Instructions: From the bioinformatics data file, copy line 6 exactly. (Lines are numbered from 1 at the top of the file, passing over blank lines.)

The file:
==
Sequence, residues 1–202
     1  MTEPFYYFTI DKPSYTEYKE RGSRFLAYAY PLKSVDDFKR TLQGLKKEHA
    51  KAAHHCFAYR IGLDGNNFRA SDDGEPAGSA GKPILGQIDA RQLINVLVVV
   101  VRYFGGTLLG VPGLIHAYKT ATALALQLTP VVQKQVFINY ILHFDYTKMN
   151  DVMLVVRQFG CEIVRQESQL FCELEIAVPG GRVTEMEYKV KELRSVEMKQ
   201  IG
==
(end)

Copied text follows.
   201  IG